Many times, the simplest solutions are the best ones. This is especially
true when it comes to staffing the successful organization. Too many
managers complicate what can be an essentially simple process. The key
is to function as an excellent investigative reporter.
The first thing a reporter learns is the importance of the "5Ws and
an H!" The initial approach to a staffing opportunity should be to follow
those same rules, but being sure not to overlook the obvious while investigating.
An obvious place to start is "who left?" What position did they hold?
Why did they leave? Where did they go? When did we find out? How could
we have retained them? Perhaps the initial question is "who has the
opening?" What are the requirements of the position? Where can we find
the person needed? When must the opening be filled? How was the need
for the opening determined? Or, "who is the best candidate?" What are
their credentials? Where have they worked previously? Why do we think
they're the best? When are they available? How will they fit in with
Beginning the process with a questioning motif keeps us from immediately
plunging into the hiring frenzy. Stepping back and asking these simple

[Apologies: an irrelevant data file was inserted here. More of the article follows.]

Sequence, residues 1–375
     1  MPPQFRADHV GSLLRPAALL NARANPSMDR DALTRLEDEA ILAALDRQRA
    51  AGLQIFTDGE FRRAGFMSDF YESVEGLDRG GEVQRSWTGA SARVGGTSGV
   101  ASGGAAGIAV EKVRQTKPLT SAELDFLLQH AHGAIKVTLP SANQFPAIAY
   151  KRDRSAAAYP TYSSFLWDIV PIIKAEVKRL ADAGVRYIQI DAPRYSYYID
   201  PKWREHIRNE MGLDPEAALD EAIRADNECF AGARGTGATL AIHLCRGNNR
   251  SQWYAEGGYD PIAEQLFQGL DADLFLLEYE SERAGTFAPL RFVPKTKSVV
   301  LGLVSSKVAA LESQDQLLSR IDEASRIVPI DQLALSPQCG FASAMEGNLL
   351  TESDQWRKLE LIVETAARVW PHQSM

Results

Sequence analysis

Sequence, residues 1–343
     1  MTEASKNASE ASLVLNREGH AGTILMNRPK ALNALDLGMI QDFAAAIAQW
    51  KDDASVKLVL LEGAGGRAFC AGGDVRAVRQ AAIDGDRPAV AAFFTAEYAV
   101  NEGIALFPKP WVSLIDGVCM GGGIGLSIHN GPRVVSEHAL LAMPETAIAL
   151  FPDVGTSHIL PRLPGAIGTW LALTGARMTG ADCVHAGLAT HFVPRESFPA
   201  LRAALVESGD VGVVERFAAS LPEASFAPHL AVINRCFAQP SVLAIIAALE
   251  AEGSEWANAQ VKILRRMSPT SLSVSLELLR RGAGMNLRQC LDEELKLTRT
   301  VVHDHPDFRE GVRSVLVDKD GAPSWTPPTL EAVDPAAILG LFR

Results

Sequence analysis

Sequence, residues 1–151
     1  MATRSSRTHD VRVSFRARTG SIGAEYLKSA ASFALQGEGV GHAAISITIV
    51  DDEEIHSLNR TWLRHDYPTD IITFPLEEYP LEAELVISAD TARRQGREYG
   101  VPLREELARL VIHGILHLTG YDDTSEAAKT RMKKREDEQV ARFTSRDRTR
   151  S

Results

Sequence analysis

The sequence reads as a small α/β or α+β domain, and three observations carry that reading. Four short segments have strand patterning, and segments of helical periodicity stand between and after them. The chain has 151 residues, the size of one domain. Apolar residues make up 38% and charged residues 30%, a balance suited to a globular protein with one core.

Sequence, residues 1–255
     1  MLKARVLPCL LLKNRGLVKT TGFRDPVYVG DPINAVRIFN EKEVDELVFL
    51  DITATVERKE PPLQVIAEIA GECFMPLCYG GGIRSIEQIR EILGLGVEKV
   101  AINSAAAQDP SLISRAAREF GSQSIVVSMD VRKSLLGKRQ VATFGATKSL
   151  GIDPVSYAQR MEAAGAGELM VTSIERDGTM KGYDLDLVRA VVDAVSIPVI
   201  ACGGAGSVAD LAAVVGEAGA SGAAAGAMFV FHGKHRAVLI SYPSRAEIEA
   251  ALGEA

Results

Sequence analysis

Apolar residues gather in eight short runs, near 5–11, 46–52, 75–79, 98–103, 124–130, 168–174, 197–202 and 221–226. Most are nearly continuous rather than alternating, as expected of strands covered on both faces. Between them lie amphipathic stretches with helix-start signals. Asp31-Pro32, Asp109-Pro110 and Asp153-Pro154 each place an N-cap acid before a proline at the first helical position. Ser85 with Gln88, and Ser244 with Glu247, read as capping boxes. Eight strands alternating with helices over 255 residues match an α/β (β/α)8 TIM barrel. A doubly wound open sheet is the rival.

questions can bring a wealth of information. If an employee left because
of a problem in the organization, we cannot expect to retain a new employee
in that position until the problem is fixed. An employee or employees
who leave to take positions at the same position(s) at different organizations
give us key information as to our competition - perhaps we need to examine
our policies regarding salary or benefits or vacations. Why is a new
position needed - could other positions be combined to free up a person?
Is the manager merely empire-building? Analysis of a new position often
leads to a reassessment of the organization and a regrouping that in
the end is more effective than an additional person would have been.
Who, what, why, where, when and how. Six simple questions, but keeping
it simple is the key in successful staffing!
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